There’s an alternative to the two potential outcomes of the Online Adblocking Game that I just described in the previous section: The increasing prevalence of adblocking by Users wakes up the industry to the fact that ad-based business models don’t work.

My sense is that right now, not a lot of people are actually making much money on online advertisements (except, of course, for Google). However, a lot of people are trying to sell/use the ad-based business model because they want it to work (it's the easiest business model out there). In his presentation that I cited earlier, Maciej Cegłowski indicates

Investor storytime [convincing an investor to invest in your ad-backed online business] only works if you can argue that advertising in the future is going to be effective and lucrative in ways it just isn't today. If the investors stop believing this, the money will dry up.

Matt Assay expresses a similar thought in “Funding The Web With Ads: This Outdated Model Has To Go”

Some (like 37signal's David Heinemeier Hansson) argue that ad-based business models, often focused more on generating eyeballs than cash, can't sustain a real business. Responding to an article that bemoaned social platform company Ning's inability to match sustainable business with traffic growth, DHH ridicules the notion:

“    Are you kidding me? The company has blown through $120MM of VC funding over six years, built up massive traffic, yet just had to slash and burn, and you’re saying that ‘traffic growth is no longer good enough’. How the hell was it ever good enough? Ning’s problem is not a lack of eyeballs but its inability to turn them into cash money to pay the bills. Getting more of something that’s a net-negative is not going to make up for it.”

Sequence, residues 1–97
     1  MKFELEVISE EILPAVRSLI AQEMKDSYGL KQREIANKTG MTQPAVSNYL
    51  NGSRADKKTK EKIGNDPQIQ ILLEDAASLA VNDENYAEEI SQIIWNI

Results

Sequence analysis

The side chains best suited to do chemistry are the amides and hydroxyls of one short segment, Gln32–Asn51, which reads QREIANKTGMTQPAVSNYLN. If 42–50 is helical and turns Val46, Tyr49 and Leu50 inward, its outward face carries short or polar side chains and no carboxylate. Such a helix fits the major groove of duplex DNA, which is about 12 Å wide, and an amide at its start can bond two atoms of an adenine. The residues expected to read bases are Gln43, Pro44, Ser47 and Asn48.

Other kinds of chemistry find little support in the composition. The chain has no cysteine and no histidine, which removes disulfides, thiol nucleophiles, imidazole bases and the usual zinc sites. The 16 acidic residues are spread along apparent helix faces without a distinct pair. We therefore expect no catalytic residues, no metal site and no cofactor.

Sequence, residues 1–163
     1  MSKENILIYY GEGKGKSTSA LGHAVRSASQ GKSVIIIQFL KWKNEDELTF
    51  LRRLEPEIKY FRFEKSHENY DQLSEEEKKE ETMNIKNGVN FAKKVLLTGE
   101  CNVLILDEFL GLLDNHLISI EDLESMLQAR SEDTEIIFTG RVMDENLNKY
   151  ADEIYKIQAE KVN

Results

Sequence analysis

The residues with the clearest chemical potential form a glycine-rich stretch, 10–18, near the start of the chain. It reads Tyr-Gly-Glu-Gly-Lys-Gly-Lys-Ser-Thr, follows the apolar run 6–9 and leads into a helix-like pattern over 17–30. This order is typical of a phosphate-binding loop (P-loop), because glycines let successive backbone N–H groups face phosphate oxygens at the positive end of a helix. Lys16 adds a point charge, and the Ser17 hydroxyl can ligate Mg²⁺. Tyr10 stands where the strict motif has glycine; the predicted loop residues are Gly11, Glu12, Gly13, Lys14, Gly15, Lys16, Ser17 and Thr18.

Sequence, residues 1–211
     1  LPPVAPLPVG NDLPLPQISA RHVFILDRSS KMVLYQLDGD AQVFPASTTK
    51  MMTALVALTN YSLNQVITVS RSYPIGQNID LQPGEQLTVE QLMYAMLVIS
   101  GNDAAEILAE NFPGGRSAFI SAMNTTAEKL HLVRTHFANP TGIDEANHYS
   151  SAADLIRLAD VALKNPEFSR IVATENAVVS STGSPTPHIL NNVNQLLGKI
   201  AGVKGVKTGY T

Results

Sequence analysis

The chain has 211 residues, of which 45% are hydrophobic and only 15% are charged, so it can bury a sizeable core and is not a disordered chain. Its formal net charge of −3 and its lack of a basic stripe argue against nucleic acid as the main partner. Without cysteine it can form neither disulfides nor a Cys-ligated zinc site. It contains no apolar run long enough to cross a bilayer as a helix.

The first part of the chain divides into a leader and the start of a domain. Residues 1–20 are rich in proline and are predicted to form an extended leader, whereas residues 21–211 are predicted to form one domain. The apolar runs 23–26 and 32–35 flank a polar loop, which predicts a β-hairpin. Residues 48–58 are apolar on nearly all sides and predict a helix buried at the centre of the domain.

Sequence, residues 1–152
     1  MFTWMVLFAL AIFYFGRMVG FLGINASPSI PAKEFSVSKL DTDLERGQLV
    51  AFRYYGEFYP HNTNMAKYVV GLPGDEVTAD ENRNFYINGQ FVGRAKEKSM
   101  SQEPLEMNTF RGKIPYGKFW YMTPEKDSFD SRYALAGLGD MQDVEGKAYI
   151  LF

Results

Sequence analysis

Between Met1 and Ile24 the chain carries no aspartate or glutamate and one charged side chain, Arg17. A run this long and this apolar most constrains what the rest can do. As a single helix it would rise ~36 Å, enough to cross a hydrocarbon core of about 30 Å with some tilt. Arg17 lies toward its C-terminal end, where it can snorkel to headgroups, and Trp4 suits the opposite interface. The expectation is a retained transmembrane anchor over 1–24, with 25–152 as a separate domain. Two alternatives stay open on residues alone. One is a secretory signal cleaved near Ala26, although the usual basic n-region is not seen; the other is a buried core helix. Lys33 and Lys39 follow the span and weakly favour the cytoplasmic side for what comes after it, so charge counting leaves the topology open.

But the bigger issue may actually dovetail with financial success. While Google's intent-based search meshes well with advertising, most business models don't.

Theoretically, as long as most of the clicking minority does not block ads, then the ultimate amount of lost sales from adblocking should actually be small. However, what I think may happen is that the adblocking phenomenon will wake up the industry to the fact that most ad-based businesses models just don’t work. In this case, I think you're going to see a lot of ad-backed content dropping of the web and more content backed by alternative business models appear.

This would be a shame, because advertising supports some extremely worthwhile content that wouldn’t be provided otherwise. Ethan Zuckerman makes this point in “The Internet's Original Sin”:

The great benefit of an ad supported web is that it’s a web open to everyone. It supports free riders well, which has been key in opening the web to young people and those in the developing world. Ad support makes it very easy for users to “try before they buy,” eliminating the hard parts of the sales cycle, and allowing services like Twitter, Facebook, and Weibo to scale to hundreds of millions of users at an unprecedented rate. This, in turn has powerful network effects: Once all your high school classmates are on Facebook, there’s a strong temptation to join, even if you don’t like the terms of service, as it’s an efficient way to keep in touch with that social circle.

On the other hand, advertising also supports a lot of content that doesn’t actually have a lot of real value to Users and content whose Providers couldn’t come up with a more “productive” way, so-to-speak, of monetizing their content. As one commenter (an adblocker) on an Adblock Plus blog entry noted, “It’s not my fault your business model sucks.”


Alternatives to Ad-Based Models

So then what are some alternatives to ad-based business models that we might start to see?

Robin Good posted a fantastic graphic at MindMeister that presents alternatives to ad-based models. I provide a copy of the graphic as it appears on the Internet in Figure 17A. However, since you can’t see the detail, I also present the graphic in two separate pieces that are more readable (Figures 17B and 17C). Robin Good presents similar information in tablular form, which I provide in Figures 18A and 18B.

Figure 17A

Figure 17B

Figure 17C

Figure 18A

Figure 18B